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AUSTRALIAN Prime Minister Scott Morrison hailed yesterday’s federal election result a “miracle” as the Liberal-led ruling coalition defied critics to win a majority in the country’s parliament.
Opinion polls had pointed to victory for the Labour Party led by Bill Shorten who stepped down soon after it became clear that the opposition would not win enough seats to form a government.
He blamed division over the issue of climate change for the party’s unexpected loss and said: “For the sake of the next generation, Australia must find a way forward.”
But critics are blaming Mr Shorten’s failure to connect with the public and a poor campaign for the defeat, after Labour led the Liberals in the polls for the past two years.
Voting is compulsory in Australia with elections held every three years.
Political instability and in-party fighting has increased in recent years with no prime minister serving a full term of office since 2007.
Mr Morrison praised the “quiet Australian” for delivering the shock victory.
Highlights of the night included defeats for two high-profile candidates, former prime minister Tony Abbott and far-right politician Fraser Anning who shot to global prominence after he was egged following remarks he made about the New Zealand mosque murders.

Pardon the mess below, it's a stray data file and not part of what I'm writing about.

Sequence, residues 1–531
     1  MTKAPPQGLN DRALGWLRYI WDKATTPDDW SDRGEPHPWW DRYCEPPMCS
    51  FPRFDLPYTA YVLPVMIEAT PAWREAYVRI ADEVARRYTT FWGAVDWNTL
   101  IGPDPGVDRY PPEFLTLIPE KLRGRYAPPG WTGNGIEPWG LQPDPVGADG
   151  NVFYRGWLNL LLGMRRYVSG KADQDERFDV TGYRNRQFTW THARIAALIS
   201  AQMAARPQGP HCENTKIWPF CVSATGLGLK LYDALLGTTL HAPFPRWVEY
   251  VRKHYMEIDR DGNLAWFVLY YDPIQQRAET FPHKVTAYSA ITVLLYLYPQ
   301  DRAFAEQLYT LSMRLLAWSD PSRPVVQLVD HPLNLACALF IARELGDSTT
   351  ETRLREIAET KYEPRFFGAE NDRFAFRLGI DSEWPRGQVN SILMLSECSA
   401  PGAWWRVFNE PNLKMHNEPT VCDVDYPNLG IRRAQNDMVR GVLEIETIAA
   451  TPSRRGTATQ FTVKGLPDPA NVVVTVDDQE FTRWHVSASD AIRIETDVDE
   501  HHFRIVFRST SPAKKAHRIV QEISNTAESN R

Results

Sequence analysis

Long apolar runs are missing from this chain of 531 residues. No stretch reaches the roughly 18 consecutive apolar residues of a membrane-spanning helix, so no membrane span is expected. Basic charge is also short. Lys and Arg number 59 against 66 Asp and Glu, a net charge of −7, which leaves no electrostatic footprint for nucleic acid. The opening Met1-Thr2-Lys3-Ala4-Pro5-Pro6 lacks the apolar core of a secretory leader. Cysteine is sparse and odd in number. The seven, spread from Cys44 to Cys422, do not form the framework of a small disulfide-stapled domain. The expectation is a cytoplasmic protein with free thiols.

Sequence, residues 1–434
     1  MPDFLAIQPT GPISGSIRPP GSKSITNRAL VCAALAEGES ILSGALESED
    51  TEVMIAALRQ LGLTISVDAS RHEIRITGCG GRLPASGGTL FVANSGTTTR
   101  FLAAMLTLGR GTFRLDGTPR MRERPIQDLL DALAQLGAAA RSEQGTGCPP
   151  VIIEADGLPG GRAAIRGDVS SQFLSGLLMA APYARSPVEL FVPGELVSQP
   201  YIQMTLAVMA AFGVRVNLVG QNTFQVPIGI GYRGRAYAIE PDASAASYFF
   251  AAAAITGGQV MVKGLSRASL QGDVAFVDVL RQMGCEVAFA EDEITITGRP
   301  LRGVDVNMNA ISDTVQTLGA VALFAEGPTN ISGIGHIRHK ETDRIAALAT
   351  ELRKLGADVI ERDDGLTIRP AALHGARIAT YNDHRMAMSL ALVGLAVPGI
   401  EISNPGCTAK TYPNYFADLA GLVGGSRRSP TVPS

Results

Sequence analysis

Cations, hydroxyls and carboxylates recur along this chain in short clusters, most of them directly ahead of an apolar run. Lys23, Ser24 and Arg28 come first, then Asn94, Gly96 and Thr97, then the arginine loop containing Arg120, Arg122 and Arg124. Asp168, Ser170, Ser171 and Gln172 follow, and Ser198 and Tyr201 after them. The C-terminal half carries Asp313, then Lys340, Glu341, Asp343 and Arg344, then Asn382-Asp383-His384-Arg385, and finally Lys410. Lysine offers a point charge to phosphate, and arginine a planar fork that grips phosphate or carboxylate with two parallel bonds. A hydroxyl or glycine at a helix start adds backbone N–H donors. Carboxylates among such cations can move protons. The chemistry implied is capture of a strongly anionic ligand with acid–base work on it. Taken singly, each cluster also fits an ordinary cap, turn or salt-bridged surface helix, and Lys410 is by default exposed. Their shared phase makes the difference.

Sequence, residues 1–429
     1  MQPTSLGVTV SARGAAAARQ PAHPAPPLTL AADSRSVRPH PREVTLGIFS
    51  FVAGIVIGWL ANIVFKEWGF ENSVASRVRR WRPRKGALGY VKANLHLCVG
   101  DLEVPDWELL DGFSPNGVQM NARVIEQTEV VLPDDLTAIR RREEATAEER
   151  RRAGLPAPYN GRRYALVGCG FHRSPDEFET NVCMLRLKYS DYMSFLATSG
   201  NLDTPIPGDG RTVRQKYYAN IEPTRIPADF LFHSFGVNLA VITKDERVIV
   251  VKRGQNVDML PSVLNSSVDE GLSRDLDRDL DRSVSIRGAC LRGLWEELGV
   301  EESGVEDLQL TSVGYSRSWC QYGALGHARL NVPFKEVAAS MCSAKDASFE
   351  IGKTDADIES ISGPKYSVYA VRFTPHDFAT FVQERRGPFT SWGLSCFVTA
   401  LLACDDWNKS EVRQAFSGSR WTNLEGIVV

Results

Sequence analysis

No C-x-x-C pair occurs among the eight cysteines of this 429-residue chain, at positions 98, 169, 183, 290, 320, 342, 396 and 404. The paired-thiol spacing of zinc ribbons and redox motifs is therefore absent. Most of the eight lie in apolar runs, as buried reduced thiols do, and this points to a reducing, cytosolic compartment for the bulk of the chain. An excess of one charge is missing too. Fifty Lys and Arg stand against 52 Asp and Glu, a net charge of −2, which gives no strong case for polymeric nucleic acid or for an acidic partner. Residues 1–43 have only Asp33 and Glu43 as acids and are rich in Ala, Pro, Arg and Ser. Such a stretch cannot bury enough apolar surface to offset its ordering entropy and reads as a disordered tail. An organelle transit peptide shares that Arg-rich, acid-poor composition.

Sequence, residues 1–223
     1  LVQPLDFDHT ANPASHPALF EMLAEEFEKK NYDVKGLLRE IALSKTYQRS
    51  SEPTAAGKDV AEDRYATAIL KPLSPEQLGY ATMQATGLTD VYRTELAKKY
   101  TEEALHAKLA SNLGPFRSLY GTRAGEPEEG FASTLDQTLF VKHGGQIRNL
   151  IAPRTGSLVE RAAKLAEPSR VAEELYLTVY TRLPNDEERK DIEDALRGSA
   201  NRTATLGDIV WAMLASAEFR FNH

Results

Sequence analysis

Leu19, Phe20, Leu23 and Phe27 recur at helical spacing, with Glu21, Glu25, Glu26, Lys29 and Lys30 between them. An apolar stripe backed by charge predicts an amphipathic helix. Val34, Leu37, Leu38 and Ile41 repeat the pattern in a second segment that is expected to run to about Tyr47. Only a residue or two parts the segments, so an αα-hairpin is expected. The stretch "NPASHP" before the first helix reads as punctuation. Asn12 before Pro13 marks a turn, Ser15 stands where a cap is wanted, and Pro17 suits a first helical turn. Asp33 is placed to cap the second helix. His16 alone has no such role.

Mr Abbott lost his seat of Warringah to independent Zali Steggall, a former Olympic skier, with a massive swing against him.
Ms Steggall stood on a platform promising meaningful action on the climate crisis and said the people of Warringah had “voted for the future.”
“This is a win for moderates with a heart,” she said. “I will be a climate leader for you. And I will keep the new government to account, and make sure we take action on climate change.”
Celebrations followed Mr Anning’s defeat in Queensland with ABC presenter Antony Green declaring: “Fraser Anning goes back to where he came from.”
Mr Anning managed just 19 votes in the last election, the second fewest out of 126 Queensland candidates, but secured a Senate seat after One Nation’s Malcolm Roberts was ruled ineligible on citizenship grounds.
Paralympian Kurt Fearnley predicted the result, tweeting on Friday that “tomorrow the country gets to rid itself of the stain that Fraser Anning was on our Parliament and country.”
With results still to be declared it is unclear whether the Liberals will have enough seats to govern alone or will form a coalition.
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